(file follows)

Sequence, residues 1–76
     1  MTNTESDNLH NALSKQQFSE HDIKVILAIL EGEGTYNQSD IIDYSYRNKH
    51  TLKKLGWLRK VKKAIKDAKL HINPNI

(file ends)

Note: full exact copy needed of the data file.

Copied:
Sequence, residues 1–76
     1  MTNTESDNLH NALSKQQFSE HDIKVILAIL EGEGTYNQSD IIDYSYRNKH
    51  TLKKLGWLRK VKKAIKDAKL HINPNI